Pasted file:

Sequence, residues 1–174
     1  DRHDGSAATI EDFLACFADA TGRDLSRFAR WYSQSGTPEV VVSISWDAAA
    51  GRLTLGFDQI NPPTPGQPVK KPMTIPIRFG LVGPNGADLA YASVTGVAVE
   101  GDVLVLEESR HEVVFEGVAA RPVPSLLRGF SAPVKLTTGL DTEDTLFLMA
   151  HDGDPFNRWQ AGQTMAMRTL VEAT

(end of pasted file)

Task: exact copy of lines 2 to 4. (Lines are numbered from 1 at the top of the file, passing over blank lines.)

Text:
     1  DRHDGSAATI EDFLACFADA TGRDLSRFAR WYSQSGTPEV VVSISWDAAA
    51  GRLTLGFDQI NPPTPGQPVK KPMTIPIRFG LVGPNGADLA YASVTGVAVE
   101  GDVLVLEESR HEVVFEGVAA RPVPSLLRGF SAPVKLTTGL DTEDTLFLMA